Harry Stadelmayer:
Yes, I actually met with a client this week that unfortunately lost her husband in a tragic motorcycle accident years and years ago. And so she has been there, done that. And we met this week to go over her portfolio and talk a little bit. She has become very, very involved in something called the Modern Widows Club. The third-largest widow population is in the United States. There are over 12 million widows in the United States. Just to give you an idea, New York City has 8.8 million people. So, 11.8 million. And these are individuals that sometimes are ignored. And again, I’m not talking… This organization called the Modern Widows Club is not about financial. This isn’t about managing your money. That’s what Joe and I do. But this is about anybody out there that knows a widow or you are a widow, that this organization will help you thrive in widowhood. Empowering widows to thrive is the idea of this. It’s an organization. They will love on you. They will hug on you. They will help you get through. They are people-

Joe Bert:
They understand.

Harry Stadelmayer:
They understand.

Joe Bert:
They’ve been there, done that.

Harry Stadelmayer:
They’ve been there, done that. So, I just wanted to mention her organization. She is very, very involved and I promised her that I would just mention that. And if you want to get more information, just email me at harry@financialgroup.com. Harry@financialgroup.com, and I’d be happy to put you in touch with this organization that does so much good for so many widows that are hurting, that have pain, and maybe they can just be a real blessing to you as you go through this. And she has told me about two and three time over widows. So, it’s-

Joe Bert:
So, that statistic. 70% of all married women-

Harry Stadelmayer:
Will become widows.

Joe Bert:
70%. Well, that’s-

Harry Stadelmayer:
70%.

Joe Bert:
Women kill us, Harry. I want to tell you.

Harry Stadelmayer:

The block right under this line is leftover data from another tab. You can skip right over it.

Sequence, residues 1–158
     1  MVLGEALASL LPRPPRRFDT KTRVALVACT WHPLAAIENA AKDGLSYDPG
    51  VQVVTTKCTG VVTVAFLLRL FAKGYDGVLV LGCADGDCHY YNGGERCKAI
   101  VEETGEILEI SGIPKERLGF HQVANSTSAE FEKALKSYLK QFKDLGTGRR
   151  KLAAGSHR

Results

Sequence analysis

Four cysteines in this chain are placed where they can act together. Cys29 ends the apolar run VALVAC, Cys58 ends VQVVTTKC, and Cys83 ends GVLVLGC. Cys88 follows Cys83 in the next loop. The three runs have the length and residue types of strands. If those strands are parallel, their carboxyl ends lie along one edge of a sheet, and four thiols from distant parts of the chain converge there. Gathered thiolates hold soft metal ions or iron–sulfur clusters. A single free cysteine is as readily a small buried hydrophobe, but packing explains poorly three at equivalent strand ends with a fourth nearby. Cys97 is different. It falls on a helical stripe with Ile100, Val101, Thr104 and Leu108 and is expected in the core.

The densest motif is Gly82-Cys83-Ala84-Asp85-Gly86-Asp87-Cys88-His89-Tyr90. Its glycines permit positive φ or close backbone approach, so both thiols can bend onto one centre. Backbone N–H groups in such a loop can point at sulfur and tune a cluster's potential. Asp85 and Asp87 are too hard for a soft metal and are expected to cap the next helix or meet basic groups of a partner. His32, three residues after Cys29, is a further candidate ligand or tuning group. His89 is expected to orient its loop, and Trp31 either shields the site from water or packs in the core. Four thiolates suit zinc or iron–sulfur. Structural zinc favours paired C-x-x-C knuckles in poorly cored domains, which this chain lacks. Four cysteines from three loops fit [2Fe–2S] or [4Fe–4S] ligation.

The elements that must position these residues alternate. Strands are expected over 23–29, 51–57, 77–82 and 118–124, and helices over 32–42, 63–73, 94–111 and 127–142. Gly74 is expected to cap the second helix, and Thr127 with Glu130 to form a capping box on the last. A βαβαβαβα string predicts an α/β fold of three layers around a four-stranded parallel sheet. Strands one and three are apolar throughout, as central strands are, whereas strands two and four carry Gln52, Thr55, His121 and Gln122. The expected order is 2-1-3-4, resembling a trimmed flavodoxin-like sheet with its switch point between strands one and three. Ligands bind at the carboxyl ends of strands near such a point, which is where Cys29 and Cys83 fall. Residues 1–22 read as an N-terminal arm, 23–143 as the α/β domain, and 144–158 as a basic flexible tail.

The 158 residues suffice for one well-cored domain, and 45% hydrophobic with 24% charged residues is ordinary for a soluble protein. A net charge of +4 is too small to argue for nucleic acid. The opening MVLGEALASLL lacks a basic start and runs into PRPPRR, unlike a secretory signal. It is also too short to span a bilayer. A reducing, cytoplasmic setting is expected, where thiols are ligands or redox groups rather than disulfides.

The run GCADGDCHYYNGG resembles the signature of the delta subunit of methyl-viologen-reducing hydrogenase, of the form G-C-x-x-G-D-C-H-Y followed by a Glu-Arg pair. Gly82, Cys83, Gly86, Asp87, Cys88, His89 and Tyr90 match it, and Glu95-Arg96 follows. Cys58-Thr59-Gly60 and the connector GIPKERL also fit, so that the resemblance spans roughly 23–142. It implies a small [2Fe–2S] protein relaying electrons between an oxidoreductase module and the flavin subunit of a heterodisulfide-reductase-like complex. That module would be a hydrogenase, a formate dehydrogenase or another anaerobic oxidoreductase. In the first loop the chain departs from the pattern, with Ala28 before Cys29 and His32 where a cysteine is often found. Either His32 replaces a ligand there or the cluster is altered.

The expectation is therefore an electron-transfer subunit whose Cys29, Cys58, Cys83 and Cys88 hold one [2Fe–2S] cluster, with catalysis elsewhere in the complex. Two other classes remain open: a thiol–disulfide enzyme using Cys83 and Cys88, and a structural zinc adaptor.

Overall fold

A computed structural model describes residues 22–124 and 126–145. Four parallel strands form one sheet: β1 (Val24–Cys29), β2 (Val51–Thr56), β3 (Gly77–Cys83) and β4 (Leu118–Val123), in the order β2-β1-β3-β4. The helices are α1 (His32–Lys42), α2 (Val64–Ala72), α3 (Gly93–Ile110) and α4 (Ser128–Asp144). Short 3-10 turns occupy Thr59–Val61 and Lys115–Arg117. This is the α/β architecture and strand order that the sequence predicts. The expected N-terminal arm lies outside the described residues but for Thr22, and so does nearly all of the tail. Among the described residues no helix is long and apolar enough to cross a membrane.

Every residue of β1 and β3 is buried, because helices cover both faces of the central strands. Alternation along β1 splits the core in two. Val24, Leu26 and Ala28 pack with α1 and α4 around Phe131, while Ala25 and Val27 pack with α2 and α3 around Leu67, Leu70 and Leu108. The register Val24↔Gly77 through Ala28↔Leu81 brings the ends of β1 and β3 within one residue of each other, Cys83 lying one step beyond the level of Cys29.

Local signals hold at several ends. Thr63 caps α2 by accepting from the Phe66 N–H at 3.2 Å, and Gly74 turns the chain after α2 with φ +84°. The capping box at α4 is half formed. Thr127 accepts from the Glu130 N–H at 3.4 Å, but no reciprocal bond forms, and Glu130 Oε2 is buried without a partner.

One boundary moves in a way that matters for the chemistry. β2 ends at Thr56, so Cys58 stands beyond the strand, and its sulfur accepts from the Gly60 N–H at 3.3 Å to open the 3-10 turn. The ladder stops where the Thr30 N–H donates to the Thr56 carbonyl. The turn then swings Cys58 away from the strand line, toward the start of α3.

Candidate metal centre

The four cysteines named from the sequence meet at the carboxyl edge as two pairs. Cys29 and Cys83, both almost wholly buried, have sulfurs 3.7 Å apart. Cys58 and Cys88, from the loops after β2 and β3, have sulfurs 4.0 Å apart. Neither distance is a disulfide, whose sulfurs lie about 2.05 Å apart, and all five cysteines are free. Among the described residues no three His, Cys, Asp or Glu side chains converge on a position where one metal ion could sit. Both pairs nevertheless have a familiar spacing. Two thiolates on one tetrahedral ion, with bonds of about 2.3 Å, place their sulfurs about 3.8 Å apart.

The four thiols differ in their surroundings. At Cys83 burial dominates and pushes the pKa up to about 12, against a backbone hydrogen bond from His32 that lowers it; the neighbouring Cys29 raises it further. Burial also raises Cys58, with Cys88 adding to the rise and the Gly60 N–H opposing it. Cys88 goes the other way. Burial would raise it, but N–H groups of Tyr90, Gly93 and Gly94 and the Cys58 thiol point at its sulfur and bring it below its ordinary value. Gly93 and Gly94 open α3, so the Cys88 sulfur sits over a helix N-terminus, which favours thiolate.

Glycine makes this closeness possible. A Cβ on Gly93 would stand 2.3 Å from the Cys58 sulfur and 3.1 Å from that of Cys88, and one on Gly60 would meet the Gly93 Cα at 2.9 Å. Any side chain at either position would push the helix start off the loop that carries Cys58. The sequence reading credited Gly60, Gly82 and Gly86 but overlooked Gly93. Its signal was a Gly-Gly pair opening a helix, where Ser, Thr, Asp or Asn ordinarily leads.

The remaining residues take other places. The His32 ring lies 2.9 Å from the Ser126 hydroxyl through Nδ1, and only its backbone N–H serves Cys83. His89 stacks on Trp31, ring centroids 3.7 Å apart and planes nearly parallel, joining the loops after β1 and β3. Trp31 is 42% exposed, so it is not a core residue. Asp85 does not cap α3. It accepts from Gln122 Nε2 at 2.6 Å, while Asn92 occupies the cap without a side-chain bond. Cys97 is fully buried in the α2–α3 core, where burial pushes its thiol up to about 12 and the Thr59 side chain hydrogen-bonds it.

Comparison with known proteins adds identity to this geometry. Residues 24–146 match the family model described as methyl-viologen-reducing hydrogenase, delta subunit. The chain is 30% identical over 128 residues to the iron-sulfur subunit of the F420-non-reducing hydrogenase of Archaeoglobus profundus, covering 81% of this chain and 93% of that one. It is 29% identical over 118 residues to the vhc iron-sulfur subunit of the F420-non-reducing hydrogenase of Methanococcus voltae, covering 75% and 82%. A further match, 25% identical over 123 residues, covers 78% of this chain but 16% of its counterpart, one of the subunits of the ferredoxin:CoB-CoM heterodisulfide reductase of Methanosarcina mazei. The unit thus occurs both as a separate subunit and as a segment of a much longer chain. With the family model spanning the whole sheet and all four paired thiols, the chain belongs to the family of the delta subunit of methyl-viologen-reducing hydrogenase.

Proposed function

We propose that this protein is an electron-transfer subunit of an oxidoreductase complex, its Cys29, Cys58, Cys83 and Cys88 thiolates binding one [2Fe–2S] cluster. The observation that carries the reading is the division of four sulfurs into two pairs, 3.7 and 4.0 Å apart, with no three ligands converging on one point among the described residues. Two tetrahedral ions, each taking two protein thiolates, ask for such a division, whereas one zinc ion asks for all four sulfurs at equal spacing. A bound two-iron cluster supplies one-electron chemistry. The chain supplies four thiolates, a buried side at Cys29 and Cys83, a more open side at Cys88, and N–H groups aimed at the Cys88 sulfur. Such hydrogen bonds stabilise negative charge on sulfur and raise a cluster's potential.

I don’t want to be morbid here, but I went to 13 funerals. All were male but one. So, it is an area that needs some attention. So, again, if you’re interested or you know someone that they’re struggling, harry@financialgroup.com and I’d be happy to put you in touch with this. It’s just, again, another part of what we do. And this, again, is not to benefit Certified Financial Group. Of course we can help you from the financial standpoint, but-

Joe Bert:
Join the club.

Harry Stadelmayer:
Yes.

Joe Bert:
At least get information. To segue on that, this week we got another inquiry. For anybody who’s ever been to our website, you can make an appointment through our website. And we ask, when they fill out the form, why you’re coming to see us. And once again, it was a situation, “Well, I’m getting up in years and I want to be sure that if and when I pass on, my wife has a home financially to go to and I understand and trust the people that she’s going to be doing business with in the future years.” That’s what we call planning.
So, folks, if you are in that kind of situation, if at least you want to come by and kick the tires, find out what we do, how we do it. We’ve been around now for almost 50 years, serving the third and maybe the fourth generation now of clients here in Central Florida providing financial planning and investment advice for a fee, working as fiduciaries. You can find us at financialgroup.com. That’s financialgroup.com. And as a minimum, come to one of our workshops and find out what we’re all about. Leave your checkbook at home. They’re absolutely free, and hope to see you there.

Harry Stadelmayer:
Yeah. Again, just to reiterate, the workshops coming up in next month, October 11th, Charles Curry, getting long-term care and then October 28th, healthcare options with Gary Abely on the 28th, and that’s 10:00 to 12:00. That’s a Saturday morning. These are free. We don’t hold you hostage here. Information is power and that’s what we do all day, all week. And if you like what you hear, get going to our website, set an appointment, come on in, let’s have a cup of coffee and talk about your situation.

Joe Bert:
There you go. All right, Josh, take it away. It’s been a pleasure being with you. Glad you’re back. I’m glad I’m back.

Harry Stadelmayer:
Have a great week everyone.

Joe Bert:
And we’re doing what?

Josh:
We are planning tomorrow-

Joe Bert:
Today.

Harry Stadelmayer:
Today.

Josh:
… at the Certified Financial Group.